L’Oreal Paris’ big debacle: Drops endorser days after announcing partnership.
In one of the biggest blunders and PR fiascos in recent times, L’Oreal Paris terminated transgender model Munroe Bergdorf just days after making the big announcement of her signing.
On August 27, L’Oreal announced an influencer-led marketing campaign “True Match” to promote its line of different color shades of face foundation.
The five new shades were aligned with five new “faces”, one of which was Bergdorf.
The naming of transgender Bergdorf was huge news, yet instead of both parties basking in the enormous accomplishment of this historic endorsement deal, things blew up.
Bergdorf was fired just days later after her views on racial matters in the U.S. were posted on her Facebook page, including comments condemning white people saying “white people must admit their race is the most violent and oppressive force of nature on Earth”. (her entire post, which contains very strong language and beliefs, can be found on-line)
Although everyone has the right to their opinions, the question is:
What due diligence did L’Oreal do on Bergdorf to learn what her beliefs are?
Did anyone from the brand sit down with her to get a feel for who she is?
Did anyone from the brand read her prior social posts to explore her beliefs?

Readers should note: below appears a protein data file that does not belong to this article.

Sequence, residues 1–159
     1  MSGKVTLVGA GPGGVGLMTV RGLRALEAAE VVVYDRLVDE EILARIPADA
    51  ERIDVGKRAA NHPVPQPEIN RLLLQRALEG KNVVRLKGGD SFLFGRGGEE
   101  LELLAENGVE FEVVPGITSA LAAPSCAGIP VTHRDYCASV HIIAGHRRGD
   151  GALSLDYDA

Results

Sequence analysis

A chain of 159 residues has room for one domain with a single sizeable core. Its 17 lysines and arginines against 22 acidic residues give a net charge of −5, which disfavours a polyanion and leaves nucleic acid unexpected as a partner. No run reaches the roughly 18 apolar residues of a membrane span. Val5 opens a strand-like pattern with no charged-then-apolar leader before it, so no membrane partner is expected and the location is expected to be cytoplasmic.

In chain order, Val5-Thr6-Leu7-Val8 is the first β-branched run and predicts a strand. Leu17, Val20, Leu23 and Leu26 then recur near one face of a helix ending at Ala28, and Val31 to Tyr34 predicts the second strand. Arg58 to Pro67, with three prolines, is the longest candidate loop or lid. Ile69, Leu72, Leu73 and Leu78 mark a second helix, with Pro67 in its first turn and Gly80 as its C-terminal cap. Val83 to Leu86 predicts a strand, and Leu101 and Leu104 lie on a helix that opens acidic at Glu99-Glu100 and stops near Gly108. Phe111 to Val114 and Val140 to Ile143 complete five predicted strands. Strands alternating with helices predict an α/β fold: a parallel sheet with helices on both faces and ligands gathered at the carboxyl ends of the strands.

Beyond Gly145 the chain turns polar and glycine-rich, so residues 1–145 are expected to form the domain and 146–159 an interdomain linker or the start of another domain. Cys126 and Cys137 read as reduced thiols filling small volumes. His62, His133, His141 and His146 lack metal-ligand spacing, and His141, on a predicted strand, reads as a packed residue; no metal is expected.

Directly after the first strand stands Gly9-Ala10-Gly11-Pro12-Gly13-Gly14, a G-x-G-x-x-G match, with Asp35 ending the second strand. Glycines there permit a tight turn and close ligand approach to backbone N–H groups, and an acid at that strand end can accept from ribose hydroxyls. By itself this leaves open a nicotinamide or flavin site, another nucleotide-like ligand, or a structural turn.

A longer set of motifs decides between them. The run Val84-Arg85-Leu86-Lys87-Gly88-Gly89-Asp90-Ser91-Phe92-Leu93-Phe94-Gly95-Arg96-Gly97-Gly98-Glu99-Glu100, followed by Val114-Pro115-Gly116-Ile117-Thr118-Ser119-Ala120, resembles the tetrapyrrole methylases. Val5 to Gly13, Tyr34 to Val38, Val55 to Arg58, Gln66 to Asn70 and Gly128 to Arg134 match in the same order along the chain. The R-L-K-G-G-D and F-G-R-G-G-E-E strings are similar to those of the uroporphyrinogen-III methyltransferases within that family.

Maybe they did.
Maybe that’s exactly why they hired Bergdorf BECAUSE she appeals to a key demographic that L’Oreal hasn’t connected with and is now trying to reach.
So, was it really unforseeable that Bergdorf would say something controversial?
In the past, brands set forth rigid criteria for selecting endorsers, looking at:
- what have they accomplished?
- what are their skills, talents?
- are there any skeletons in their closet?
- what are their values and do they align with the brands?
- does their persona enhance the brand’s messaging?
Nowadays, are these questions even asked?
Often, the benchmark seems to be how many followers the endorser has or whether their selection will make the brand look hip.
And, if these questions are asked and answered, does the brand really care unless something happens and there is backlash? In which case, they move quickly to get rid of the “problem”.
Maybe it’s time for brands to get real on its brand ambassadors.
If brands want them to completely align with its values and beliefs, then do the necessary homework on them.
If brands want to push the envelope a bit and choose controversial personalities, then they should own that decision and stick with that endorser even if there’s some blow back.
If not, the industry will be seeing many more of these debacles.